I’m just getting started. (Image credit: Viktor Hanecek)
I’m excited to join the LaunchDarkly team after spending the last nine years at Atlassian Software. At Atlassian, I was one of the founding members of their Technical Account Management team. In a scant three years, we grew the program from two people to twenty, representing companies that are household names across the globe. I hope to take my experience and build a rockstar program here at LaunchDarkly.
What is Technical Account Management (“TAM”)?
The purpose of the TAM program is to help our customers get the absolute most out of LaunchDarkly’s capabilities. No two companies have quite the same needs, so we offer directed, proactive, and strategic guidance that is suited to each company. We take the time to learn how your teams work, to understand the various use cases that you have, and to collaborate with you to develop solutions to your needs.
One way to understand how new technologies come to be adopted is through the lens of People, Process, and Technology — the technologist’s version of the three-legged stool. Within this analogy, the LaunchDarkly platform is the Technology leg. It offers a new and powerful capability, but it is only useful if the teams adopting it understand and internalize both what it does for them and how to implement it.
Particularly as teams scale and usage expands across the organization, there needs to be an ever-expanding center of knowledge. The learnings from the early wins with the platform need to evolve into a program of change. We’re building the TAM program to help teams move from reactive troubleshooting and problem-solving to making proactive and strategic choices. I like to think of it as the difference between asking “What was this flag supposed to do?” to “How can we know that a release will be successful even before we launch it?”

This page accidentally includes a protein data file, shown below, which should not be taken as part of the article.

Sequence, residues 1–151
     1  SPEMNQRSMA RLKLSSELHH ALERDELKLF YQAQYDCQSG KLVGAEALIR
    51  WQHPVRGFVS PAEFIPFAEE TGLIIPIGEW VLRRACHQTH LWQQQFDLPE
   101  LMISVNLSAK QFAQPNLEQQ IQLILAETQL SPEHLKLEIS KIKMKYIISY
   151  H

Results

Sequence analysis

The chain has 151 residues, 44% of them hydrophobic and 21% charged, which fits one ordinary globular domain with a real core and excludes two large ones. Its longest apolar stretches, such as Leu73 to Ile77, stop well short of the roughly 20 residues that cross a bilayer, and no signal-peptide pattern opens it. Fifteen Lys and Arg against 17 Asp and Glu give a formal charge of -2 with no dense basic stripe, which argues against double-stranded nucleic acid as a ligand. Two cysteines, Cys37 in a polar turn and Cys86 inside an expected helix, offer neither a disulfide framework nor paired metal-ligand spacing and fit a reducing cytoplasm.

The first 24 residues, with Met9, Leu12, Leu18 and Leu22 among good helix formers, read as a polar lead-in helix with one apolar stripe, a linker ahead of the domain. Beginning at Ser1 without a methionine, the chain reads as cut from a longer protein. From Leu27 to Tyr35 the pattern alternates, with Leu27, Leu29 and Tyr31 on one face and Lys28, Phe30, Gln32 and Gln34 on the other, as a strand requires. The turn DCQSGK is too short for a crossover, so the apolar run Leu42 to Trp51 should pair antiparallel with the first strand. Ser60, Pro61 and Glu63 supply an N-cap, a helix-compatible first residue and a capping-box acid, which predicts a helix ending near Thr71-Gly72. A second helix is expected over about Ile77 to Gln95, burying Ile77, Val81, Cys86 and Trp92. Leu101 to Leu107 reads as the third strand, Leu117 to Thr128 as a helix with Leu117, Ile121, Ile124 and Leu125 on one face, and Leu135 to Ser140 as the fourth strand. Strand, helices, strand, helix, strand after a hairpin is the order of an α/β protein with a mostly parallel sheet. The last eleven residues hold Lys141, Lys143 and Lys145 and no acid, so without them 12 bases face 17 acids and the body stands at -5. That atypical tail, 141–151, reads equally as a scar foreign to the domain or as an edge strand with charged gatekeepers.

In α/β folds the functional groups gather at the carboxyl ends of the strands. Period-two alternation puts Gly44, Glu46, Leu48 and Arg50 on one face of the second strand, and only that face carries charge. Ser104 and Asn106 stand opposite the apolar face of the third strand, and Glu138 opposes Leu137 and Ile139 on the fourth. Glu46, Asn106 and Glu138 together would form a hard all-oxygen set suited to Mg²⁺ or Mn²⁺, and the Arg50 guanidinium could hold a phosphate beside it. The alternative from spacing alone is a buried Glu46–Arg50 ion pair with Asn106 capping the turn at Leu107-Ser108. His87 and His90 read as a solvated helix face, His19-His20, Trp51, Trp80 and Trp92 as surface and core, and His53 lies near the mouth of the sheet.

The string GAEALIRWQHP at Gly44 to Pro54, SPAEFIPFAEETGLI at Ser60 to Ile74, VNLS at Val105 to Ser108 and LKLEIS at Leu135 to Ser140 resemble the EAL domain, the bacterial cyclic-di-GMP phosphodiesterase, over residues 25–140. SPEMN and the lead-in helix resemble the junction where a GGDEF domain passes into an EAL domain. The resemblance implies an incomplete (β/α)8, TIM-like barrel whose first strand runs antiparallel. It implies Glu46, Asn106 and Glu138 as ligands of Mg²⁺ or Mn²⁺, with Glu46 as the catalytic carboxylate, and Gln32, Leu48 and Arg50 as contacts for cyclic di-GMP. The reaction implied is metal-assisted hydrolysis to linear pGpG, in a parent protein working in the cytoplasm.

Our aim with the TAM program is to be a trusted advisor. To be successful, we know that we first need to understand what you’re trying to achieve before we can collaborate with you to get it across the line.
What else do you do?
I’ve been working in tech for over a decade, and I can spend far too much time talking about the viability of various tech trends and movements. I’ve lived in the Bay Area for close to 30 years and am a bit of a foodie. In my spare time, boardgames have been a passion of mine for the last decade and a half: I’m mrwong on boardgamegeek.com.
Finally, I make a great mojito.